The U.S. Department of Energy launched its “Highly-Insulating R-5 Windows and Low-E Storm Windows Volume Purchase Program” with an event yesterday in Washington, D.C., held at the headquarters of the National Association of Homebuilders (NAHB). The program was designed to pair manufacturers of these windows with potential large-volume purchasers in an effort to help manufacturers overcome the initial costs of producing such products.

Roland Risser, program manager for the Building Technologies Program, a part of the DOE’s Office of Energy Efficiency and Renewable Energy, spoke in support of the program and the benefits that it could generate.

“In order to achieve success, we need the technology and wider use in the market,” said Risser.

However, cost has to go down for R-5 windows to be widely used, he added.

“[The window] must meet the needs of the customer and one of those needs is cost-effectiveness,” said Risser. “ … At higher volumes, the costs and prices are lower.”

Fifty manufacturers applied to be a part of the program, and 32 proposals have been expected. A website highlighting the program also has been created. (CLICK HERE to visit the site.)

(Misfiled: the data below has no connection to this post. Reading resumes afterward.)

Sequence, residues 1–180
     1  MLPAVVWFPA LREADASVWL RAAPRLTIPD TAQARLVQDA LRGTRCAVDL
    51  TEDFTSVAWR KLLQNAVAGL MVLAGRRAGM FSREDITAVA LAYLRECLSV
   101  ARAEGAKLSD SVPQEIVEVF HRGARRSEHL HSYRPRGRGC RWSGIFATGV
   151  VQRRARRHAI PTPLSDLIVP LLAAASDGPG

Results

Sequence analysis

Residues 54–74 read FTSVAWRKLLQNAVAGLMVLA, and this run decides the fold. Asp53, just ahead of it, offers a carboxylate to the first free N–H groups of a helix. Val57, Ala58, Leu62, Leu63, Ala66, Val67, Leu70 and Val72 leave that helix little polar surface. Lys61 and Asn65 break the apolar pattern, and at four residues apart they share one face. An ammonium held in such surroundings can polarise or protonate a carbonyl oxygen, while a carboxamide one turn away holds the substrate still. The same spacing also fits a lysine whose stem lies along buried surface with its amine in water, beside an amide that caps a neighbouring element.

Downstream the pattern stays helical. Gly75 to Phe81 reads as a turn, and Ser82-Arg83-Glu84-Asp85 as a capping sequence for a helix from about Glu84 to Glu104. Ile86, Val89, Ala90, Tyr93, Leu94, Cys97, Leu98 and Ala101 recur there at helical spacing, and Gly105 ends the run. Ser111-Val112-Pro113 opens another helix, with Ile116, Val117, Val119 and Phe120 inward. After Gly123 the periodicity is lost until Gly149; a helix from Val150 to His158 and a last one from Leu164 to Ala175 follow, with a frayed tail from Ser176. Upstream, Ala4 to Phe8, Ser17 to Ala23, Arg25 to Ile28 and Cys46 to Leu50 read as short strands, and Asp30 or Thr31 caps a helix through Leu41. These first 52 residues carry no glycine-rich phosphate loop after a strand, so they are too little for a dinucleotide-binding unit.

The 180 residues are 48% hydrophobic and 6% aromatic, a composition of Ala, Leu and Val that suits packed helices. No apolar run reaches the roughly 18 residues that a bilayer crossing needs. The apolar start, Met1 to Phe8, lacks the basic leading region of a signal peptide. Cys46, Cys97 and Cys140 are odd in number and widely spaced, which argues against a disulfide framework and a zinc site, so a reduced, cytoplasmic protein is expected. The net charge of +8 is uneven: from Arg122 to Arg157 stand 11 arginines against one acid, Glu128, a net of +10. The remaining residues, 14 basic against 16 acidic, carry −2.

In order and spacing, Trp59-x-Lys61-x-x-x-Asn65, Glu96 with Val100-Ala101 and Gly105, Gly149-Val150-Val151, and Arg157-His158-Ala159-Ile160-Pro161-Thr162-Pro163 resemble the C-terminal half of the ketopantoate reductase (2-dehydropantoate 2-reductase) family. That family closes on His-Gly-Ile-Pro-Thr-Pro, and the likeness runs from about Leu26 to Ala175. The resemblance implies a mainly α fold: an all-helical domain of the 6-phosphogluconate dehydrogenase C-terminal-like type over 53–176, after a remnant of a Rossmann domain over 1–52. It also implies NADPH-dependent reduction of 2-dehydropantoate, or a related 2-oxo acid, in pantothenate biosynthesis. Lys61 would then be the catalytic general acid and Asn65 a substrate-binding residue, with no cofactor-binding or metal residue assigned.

American Architectural Manufacturers Association (AAMA) president and chief executive officer Rich Walker also was on-hand and he pointed out that, during the day’s events, he heard the word “optimism” being used often.

“We’re finally seeing the light at the end of the tunnel, and really this couldn’t come at a better time,” he said. “I think the incentives are extremely well-placed.”

He also saluted the DOE’s efforts for focusing the volume purchase program on the remodeling market.

“The potential for growth is there both in resident and commercial,” he said.

Walker pointed to three specific positives from the program:

  • It can help consumers save on energy costs;
  • It will help manufacturers rebound and bring jobs back; and
  • It’s good for the environment.

DOE says many of the products available through the program meet its target price of less than $4 per square foot. The program targets volume purchasers of windows, such as government agencies, builders, energy retrofitters, renovators and weatherization providers.

Habitat for Humanity representative Matt de Ferranti spoke as a possible volume purchaser of windows, and he advised his organization is now making an attempt to utilize ENERGY STAR® and energy-efficient products when possible.

“We have made a major commitment to building our homes at ENERGY STAR standards,” said Ferranti, who serves as director of federal agency relations for Habitat for Humanity International. “We’ve found the additional costs to meet ENERGY STAR standards are less than $3,000.”

CLICK HERE to learn more about the program.

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